• There was a wonderful mix of activities and opportunities on this cruise and we were very impressed. It was a great way to learn about Portugal and get to know some of its people with a crew that was all Portuguese and the people we met on shore. Oh, and the food — fresh and fanstastic! 🙂

  4. What a wonderful journey you experienced! I am so happy you finally sailed with Viking! Aren’t you in love now? I haven’t done the Douro yet but look forward to the day I sail especially on the ships that differ from the Viking Longships in that they’re smaller and more intimate! I love the wheelhouse tours and the onboard demonstrations as well. Talk about cultural immersion!!!

    • Yes, I’m in love! In fact, I may be addicted to Viking cruises after just one journey. They do everything first-class. The cultural immersion was a big positive on this cruise. Loved our excursions to both small villages and more populous places like Porto and Salamanca — there was something to learn and enjoy in all of them.

  5. It looks like you had an amazing time on your river cruise. I’m glad to learn that Viking uses local knowledgeable guides for shore excursions. Good guides can make all the difference on a trip. Thanks for sharing!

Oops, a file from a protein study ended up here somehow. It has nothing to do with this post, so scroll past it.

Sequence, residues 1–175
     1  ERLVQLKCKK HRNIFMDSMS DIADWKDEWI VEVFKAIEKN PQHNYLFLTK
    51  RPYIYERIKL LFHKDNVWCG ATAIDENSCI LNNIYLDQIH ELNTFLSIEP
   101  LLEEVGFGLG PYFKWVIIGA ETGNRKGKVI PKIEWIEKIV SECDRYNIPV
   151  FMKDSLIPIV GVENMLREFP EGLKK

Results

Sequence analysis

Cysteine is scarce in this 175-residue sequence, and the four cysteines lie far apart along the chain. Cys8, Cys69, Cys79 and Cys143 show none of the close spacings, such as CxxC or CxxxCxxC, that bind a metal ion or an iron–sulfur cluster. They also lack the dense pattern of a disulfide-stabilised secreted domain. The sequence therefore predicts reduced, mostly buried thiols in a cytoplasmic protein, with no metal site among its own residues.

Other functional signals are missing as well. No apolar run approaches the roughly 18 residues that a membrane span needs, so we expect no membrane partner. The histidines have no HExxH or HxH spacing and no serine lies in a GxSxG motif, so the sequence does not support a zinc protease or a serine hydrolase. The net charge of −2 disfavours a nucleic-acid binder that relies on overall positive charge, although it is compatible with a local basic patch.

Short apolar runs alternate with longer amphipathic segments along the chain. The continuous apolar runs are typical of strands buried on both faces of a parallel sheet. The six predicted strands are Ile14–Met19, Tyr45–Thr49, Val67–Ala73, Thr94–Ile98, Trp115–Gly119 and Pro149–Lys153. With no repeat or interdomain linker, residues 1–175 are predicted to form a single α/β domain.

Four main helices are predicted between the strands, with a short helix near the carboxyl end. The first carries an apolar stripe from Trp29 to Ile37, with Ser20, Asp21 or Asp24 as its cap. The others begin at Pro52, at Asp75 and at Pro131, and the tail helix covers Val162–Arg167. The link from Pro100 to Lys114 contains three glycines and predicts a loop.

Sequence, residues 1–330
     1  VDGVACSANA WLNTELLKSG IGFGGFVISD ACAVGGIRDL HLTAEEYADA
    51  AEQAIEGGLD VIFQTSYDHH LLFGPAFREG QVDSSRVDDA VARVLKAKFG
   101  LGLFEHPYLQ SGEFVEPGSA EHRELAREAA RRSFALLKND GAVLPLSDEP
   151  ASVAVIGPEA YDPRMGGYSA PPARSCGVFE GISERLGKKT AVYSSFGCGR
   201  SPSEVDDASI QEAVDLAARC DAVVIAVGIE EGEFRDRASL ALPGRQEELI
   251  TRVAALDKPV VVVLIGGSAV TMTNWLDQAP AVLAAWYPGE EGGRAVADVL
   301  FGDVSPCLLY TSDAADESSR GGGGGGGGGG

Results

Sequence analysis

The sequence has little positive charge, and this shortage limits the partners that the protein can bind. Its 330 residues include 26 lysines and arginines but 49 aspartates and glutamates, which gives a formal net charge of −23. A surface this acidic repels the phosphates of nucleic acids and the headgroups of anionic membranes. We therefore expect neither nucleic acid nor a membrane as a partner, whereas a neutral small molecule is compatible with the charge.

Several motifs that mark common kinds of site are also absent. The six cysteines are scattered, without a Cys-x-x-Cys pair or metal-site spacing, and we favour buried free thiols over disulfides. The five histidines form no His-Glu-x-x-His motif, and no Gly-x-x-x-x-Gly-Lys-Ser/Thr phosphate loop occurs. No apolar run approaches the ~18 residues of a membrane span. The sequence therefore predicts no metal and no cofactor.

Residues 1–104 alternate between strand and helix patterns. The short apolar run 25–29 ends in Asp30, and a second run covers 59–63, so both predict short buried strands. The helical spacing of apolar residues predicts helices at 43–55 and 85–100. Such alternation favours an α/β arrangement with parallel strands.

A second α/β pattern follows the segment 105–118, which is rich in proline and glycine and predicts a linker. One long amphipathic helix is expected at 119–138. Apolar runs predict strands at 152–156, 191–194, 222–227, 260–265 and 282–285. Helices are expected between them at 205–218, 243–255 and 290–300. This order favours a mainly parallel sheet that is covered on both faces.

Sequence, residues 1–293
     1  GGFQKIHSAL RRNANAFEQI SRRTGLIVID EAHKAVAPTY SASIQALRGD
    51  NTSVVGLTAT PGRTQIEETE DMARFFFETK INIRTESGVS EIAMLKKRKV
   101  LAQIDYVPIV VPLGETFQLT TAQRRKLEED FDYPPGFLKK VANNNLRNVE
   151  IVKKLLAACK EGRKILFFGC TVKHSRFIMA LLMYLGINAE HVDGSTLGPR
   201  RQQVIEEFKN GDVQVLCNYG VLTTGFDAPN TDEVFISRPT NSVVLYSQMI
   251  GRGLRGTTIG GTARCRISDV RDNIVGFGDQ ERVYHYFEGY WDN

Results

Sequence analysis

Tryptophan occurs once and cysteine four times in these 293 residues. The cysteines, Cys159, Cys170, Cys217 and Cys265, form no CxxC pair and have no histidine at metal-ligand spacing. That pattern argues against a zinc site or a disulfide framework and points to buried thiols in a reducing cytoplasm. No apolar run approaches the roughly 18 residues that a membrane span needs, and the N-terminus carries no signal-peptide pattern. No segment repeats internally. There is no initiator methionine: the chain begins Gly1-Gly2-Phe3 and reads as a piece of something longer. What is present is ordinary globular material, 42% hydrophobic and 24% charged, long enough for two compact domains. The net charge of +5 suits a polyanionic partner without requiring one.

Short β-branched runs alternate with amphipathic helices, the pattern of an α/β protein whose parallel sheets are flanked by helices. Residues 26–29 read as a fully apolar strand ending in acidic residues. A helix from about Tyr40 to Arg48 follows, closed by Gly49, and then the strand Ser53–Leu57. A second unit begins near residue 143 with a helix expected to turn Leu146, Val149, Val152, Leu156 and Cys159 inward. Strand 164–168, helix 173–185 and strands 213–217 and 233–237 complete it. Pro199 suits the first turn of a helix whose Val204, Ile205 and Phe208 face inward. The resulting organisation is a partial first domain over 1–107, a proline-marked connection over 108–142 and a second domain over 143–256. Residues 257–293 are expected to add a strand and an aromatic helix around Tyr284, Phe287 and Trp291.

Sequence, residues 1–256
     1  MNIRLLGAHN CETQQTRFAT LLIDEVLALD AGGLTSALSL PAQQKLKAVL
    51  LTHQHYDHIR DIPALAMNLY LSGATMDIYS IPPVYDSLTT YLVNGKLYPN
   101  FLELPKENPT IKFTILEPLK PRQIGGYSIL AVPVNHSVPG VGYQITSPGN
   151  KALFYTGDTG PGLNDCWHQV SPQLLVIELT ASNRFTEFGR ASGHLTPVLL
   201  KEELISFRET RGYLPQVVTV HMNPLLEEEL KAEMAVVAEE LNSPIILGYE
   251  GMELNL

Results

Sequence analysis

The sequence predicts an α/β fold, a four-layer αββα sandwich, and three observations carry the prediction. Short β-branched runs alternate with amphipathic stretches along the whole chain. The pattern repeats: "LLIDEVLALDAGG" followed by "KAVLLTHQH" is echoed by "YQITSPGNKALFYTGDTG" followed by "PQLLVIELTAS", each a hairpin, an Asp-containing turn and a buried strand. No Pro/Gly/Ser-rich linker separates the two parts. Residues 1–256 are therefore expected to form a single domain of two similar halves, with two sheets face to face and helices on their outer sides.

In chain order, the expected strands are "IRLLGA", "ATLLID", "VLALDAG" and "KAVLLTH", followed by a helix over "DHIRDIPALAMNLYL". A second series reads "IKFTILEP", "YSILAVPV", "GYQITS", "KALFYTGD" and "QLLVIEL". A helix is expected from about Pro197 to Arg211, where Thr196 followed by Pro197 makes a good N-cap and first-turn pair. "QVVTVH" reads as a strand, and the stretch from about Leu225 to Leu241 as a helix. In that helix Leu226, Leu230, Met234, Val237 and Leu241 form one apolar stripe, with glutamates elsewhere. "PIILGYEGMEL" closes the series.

• Yes, I agree. The local guides were super. For example, in Favaois, it was wonderful to see the pride our 3 local guides took in showing us their small off-the-tourist-radar village which is seeing economic benefits of the Viking passengers making visits..

  6. I love Viking Cruises, that company really knows how to hit all the right notes. 🙂

    • They absolutely do. There was an incredible combination of experiences arranged for us as you read in the post. That’s why I feel that we really got a wonderful introduction to the Douro region’s culture and character.

  7. This looks incredible. SO MANY experiences – what a trip!

    • Although, as I mentioned, some people opted to relax and enjoy the sailing and dining (which was awesome), we were quite busy every day taking advantage of the tours and excursions. We didn’t wnt to miss anything!

  8. I’m not surprised that this Viking Cruise was as spectacular as you describe it. I’ve been on two and am awed by the quality and consistency of the service and excellent training of the staff. I’d love to travel on this itinerary having dipped my toe in the waters in Lisbon. Great review!

    • Another repeat Viking passenger! 🙂 On our first night during the welcome briefing, the program director asked how many had cruised with Viking before — I was amazed at how many hands went up. Then to find out how many times they’d cruised really impressed me. But with itineraries like this and a high level of quality, it’s no wonder, I guess.

  9. How wonderful! I shall be spending 5 weeks in Porto in March / April myself and have to research the region for a guidebook update.